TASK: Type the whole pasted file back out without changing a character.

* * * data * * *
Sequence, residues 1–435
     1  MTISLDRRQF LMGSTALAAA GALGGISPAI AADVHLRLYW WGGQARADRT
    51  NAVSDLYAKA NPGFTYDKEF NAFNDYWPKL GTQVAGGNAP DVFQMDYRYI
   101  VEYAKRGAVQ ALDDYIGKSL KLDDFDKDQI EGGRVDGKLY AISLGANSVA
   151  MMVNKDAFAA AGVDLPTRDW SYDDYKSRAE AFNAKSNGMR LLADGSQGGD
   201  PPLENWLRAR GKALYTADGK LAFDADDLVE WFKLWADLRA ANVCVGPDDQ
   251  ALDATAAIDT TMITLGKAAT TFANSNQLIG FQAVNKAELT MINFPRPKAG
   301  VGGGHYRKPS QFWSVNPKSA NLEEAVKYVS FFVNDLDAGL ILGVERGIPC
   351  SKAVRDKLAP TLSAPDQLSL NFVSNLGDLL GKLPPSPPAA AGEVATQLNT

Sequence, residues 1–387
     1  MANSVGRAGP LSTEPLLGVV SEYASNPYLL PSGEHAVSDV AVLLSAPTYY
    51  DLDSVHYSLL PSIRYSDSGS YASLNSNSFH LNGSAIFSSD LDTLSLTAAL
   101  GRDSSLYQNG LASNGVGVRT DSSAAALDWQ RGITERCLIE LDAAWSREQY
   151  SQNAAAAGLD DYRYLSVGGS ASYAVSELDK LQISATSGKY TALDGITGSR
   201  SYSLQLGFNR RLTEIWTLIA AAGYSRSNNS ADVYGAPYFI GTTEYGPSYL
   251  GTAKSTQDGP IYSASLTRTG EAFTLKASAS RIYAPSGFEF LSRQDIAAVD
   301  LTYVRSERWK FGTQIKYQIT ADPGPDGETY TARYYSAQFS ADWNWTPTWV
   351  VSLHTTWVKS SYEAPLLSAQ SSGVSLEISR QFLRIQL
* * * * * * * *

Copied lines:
Sequence, residues 1–435
     1  MTISLDRRQF LMGSTALAAA GALGGISPAI AADVHLRLYW WGGQARADRT
    51  NAVSDLYAKA NPGFTYDKEF NAFNDYWPKL GTQVAGGNAP DVFQMDYRYI
   101  VEYAKRGAVQ ALDDYIGKSL KLDDFDKDQI EGGRVDGKLY AISLGANSVA
   151  MMVNKDAFAA AGVDLPTRDW SYDDYKSRAE AFNAKSNGMR LLADGSQGGD
   201  PPLENWLRAR GKALYTADGK LAFDADDLVE WFKLWADLRA ANVCVGPDDQ
   251  ALDATAAIDT TMITLGKAAT TFANSNQLIG FQAVNKAELT MINFPRPKAG
   301  VGGGHYRKPS QFWSVNPKSA NLEEAVKYVS FFVNDLDAGL ILGVERGIPC
   351  SKAVRDKLAP TLSAPDQLSL NFVSNLGDLL GKLPPSPPAA AGEVATQLNT

Sequence, residues 1–387
     1  MANSVGRAGP LSTEPLLGVV SEYASNPYLL PSGEHAVSDV AVLLSAPTYY
    51  DLDSVHYSLL PSIRYSDSGS YASLNSNSFH LNGSAIFSSD LDTLSLTAAL
   101  GRDSSLYQNG LASNGVGVRT DSSAAALDWQ RGITERCLIE LDAAWSREQY
   151  SQNAAAAGLD DYRYLSVGGS ASYAVSELDK LQISATSGKY TALDGITGSR
   201  SYSLQLGFNR RLTEIWTLIA AAGYSRSNNS ADVYGAPYFI GTTEYGPSYL
   251  GTAKSTQDGP IYSASLTRTG EAFTLKASAS RIYAPSGFEF LSRQDIAAVD
   301  LTYVRSERWK FGTQIKYQIT ADPGPDGETY TARYYSAQFS ADWNWTPTWV
   351  VSLHTTWVKS SYEAPLLSAQ SSGVSLEISR QFLRIQL